• Abdominal Paracentesis

    (Ascites Fluid Tap; Abdominal Tap)


    Ascites is the build-up of fluid in the abdominal cavity. Paracentesis is used to remove a sample of fluid or to drain fluid that has built up.
    Copyright © Nucleus Medical Media, Inc.

    Reasons for Procedure

    This is done to find out why there is fluid build-up in the abdomen. Causes may include:
    • Bleeding
    • Infection
    • Diseases of organs, such as the liver or kidneys
    • Cancer
    • Low blood protein
    • Leakage of lymphatic fluid
    This procedure may also be done when fluid in the abdomen:
    • Makes breathing difficult
    • Causes pain
    Abdominal fluid can return until the condition causing it has been treated. You may need to have the procedure again.

    Possible Complications

    Problems from the procedure are rare, but all procedures have some risk. Your doctor will review potential problems, like:
    • Bleeding
    • Infection
    • Accidental piercing of structures in the abdomen
    Some factors that may increase the risk of complications include:
    • Smoking
    • Alcohol use disorder
    • Bleeding disorder
    • Poor nutrition
    • Pregnancy
    • Full bladder
    • Infection in the area where the paracentesis instrument will be inserted
    • Cirrhosis of the liver
    Be sure to discuss these risks with your doctor before the procedure.

    What to Expect

    Prior to Procedure

    Your doctor may do some or all of the following:
    If the procedure is scheduled and not done on an emergency basis:
    • Do not eat or drink for 12 hours before the procedure.
    • Empty your bladder just before the procedure.


    You will receive local anesthesia. The area will become numb. You will stay awake during the procedure.

    Description of the Procedure

    This is usually done in the doctor's office. In some cases, your doctor may have you go to the hospital before or after this procedure. If you are already in the hospital for a different reason, this procedure will not extend your stay.
    In most cases, you will lie on your back. In some instances, you may need to be in a different position. The area where the needle will be inserted is cleaned with a solution and draped with sterile cloths. An injection of a local anesthetic will be given to numb the area. A needle will be carefully inserted into the abdomen. The fluid will be removed using a syringe.
    The amount of fluid removed depends on your condition. If it is being done to make a diagnosis, the doctor will remove a small amount of fluid and send it for testing. If the procedure is being done to make you feel better, more fluid may be removed.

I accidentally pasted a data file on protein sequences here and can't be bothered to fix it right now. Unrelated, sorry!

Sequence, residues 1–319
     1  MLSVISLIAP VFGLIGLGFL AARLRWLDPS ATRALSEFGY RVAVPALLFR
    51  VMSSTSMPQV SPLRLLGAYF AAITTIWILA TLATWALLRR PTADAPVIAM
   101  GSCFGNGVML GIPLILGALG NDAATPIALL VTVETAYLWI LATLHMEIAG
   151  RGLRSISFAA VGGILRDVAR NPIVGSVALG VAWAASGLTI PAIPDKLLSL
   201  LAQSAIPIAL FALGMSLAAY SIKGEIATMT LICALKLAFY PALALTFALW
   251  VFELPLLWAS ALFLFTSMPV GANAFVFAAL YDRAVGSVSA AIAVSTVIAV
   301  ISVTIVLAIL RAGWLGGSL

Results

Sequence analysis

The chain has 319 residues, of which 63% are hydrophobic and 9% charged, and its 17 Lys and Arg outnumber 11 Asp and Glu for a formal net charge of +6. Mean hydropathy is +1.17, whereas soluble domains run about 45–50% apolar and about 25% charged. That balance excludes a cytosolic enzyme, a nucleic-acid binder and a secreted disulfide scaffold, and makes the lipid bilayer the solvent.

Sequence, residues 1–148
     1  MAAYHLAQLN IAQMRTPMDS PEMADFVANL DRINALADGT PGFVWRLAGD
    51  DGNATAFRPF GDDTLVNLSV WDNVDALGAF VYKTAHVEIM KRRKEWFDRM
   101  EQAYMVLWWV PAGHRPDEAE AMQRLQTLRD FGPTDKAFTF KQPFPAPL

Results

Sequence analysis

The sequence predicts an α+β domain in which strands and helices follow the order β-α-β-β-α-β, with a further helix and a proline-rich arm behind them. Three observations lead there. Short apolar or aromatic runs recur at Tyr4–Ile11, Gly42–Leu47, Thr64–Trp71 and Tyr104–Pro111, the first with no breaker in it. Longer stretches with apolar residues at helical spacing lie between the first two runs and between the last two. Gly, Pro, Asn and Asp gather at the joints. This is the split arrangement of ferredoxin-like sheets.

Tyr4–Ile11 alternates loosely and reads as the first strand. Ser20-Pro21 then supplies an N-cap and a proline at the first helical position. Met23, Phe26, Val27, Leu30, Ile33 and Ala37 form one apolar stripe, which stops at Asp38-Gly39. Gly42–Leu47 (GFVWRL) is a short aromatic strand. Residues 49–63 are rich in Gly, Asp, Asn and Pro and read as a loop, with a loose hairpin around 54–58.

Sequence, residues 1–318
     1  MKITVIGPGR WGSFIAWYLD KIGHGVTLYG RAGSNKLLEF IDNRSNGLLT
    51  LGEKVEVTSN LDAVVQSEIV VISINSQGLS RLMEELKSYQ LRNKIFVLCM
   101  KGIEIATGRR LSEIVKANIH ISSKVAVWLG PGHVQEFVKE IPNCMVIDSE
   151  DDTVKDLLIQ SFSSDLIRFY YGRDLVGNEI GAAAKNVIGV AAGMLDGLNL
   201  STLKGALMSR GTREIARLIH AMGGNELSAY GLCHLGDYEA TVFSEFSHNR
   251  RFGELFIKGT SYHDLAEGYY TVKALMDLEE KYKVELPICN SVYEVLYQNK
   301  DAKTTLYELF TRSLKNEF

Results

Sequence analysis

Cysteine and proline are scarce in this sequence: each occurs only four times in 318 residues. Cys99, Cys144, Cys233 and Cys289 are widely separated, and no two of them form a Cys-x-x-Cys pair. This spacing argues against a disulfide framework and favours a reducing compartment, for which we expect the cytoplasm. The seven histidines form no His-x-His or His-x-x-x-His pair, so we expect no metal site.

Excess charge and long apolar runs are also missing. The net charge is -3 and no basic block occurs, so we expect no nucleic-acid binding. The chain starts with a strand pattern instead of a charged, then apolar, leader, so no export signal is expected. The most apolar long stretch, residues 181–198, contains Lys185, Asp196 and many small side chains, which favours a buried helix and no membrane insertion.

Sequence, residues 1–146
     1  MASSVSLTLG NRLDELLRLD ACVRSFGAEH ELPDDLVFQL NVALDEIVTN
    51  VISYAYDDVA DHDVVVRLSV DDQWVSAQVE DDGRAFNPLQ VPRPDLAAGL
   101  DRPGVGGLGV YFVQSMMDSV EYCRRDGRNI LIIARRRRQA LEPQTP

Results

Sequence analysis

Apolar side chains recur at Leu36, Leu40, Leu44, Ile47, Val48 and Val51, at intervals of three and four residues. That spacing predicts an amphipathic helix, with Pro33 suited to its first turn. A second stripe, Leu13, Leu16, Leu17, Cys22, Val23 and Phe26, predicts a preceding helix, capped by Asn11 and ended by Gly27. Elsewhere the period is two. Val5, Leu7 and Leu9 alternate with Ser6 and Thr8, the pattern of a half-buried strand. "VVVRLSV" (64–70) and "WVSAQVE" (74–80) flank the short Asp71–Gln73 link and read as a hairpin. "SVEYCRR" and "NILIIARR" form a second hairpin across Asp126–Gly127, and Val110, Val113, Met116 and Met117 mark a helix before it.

How Long Will It Take?

    About 10-15 minutes, depending on how much fluid needs to be removed

    How Much Will It Hurt?

    There will be some stinging or burning while the anesthesia is injected. After the area is numb, you will not feel pain.

    Post-procedure Care

    At the Care Center
    You will stay in the recovery room for a few hours. Your blood pressure and other vital signs will be monitored. If you have a lot of fluid leakage or are having trouble breathing, you may need to stay in the care center.
    At Home
    Follow special instructions on caring for the needle insertion site and watching for signs of infection.

    Call Your Doctor

    It is important to monitor your recovery. Alert your doctor to any problems. If any of the following occur, call your doctor:
    • Signs of infection, including fever, chills and abdominal pain
    • Redness, swelling, increasing pain, excessive bleeding, or fluid from the paracentesis site
    • Pain that you cannot control with the medicines you have been given
    • Cough, shortness of breath, feeling faint, or chest pain
    • Swelling of the abdomen
    If you think you have an emergency, call for emergency medical services right away.


    American Cancer Society http://www.cancer.org

    Family Doctor—American Academy of Family Physicians http://familydoctor.org


    Canadian Cancer Society http://www.cancer.ca

    Health Canada http://www.hc-sc.gc.ca


    Ascites. EBSCO DynaMed Plus website. Available at: http://www.dynamed.com/topics/dmp~AN~T116330/Ascites. Updated July 1, 2014. Accessed October 7, 2016.

    Aslam N, Marino CR. Malignant ascites: new concepts in pathophysiology, diagnosis, and management. Arch Intern Med. 2001;161(22):2733-2737.

    Covey AM. Management of malignant pleural effusions and ascites. J Support Oncol. 2005;3(2):169-173.

    Smith EM, Jayson GC. The current and future management of malignant ascites. Clin Oncol. 2003;15(2):59-72.

    6/2/2011 DynaMed Plus Systematic Literature Surveillance http://www.dynamed.com/topics/dmp~AN~T116330/Ascites: Mills E, Eyawo O, Lockhart I, Kelly S, Wu P, Ebbert JO. Smoking cessation reduces postoperative complications: a systematic review and meta-analysis. Am J Med. 2011;124(2):144-154.

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